- Dismal and gloomy, cold and forbidding.
- Life was grim in many northern industrial towns.
- 2019 August 30, Jonathan Watts, “Amazon fires show world heading for point of no return, says UN”, in The Guardian:
- Cristiana Paşca Palmer, the executive secretary of the UN Convention on Biological Diversity, said the destruction of the world’s biggest rainforest was a grim reminder that a fresh approach needed to stabilise the climate and prevent ecosystems from declining to a point of no return, with dire consequences for humanity.
- 2022 January 12, Nigel Harris, “Comment: Unhappy start to 2022”, in RAIL, number 948, page 3:
- It's been a grim start to the year.
- Rigid and unrelenting.
- His grim determination enabled him to win.
- Ghastly or sinister.
- A grim castle overshadowed the village.
- 2012 March 22, Scott Tobias, “The Hunger Games”, in AV Club:
- In movie terms, it suggests Paul Verhoeven in Robocop/Starship Troopers mode, an R-rated bloodbath where the grim spectacle of children murdering each other on television is bread-and-circuses for the age of reality TV, enforced by a totalitarian regime to keep the masses at bay.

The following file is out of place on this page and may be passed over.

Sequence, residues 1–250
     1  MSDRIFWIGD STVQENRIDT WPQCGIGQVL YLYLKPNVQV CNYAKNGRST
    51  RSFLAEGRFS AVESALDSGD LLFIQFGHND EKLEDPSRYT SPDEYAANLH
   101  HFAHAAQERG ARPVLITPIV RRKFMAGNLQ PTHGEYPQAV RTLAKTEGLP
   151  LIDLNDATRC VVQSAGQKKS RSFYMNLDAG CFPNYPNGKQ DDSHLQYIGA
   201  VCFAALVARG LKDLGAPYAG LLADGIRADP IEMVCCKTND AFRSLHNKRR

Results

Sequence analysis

- Disgusting; gross.
- – Wanna see the dead rat I found in my fridge?
– Mate, that is grim!
- 1851 November 14, Herman Melville, chapter 1, in Moby-Dick; or, The Whale, 1st American edition, New York, N.Y.: Harper & Brothers; London: Richard Bentley, OCLC 57395299, page 1:
- Whenever I find myself growing grim about the mouth; whenever it is a damp, drizzly November in my soul; whenever I find myself involuntarily pausing before coffin warehouses, and bringing up the rear of every funeral I meet;
- (obsolete) Fierce, cruel, furious.
- The translations below need to be checked and inserted above into the appropriate translation tables, removing any numbers. Numbers do not necessarily match those in definitions. See instructions at Wiktionary:Entry layout § Translations.
From Middle English grim, grym, greme, from Old English *grimu, *grimmu, grima, from Proto-Germanic *grimmį̄ (“anger, wrath”), from Proto-Indo-European *gʰrem- (“to resound, thunder, grumble, roar”). Cognate with Middle Dutch grimme, Middle High German grimme f (“anger”), modern German Grimm m.
|Inflection of grim|
|1) When an adjective is applied predicatively to something definite, the corresponding "indefinite" form is used.|
2) The "indefinite" superlatives may not be used attributively.
See the etymology of the corresponding lemma form.
- imperative of
- “grim” in The Nynorsk Dictionary.
- Alternative form of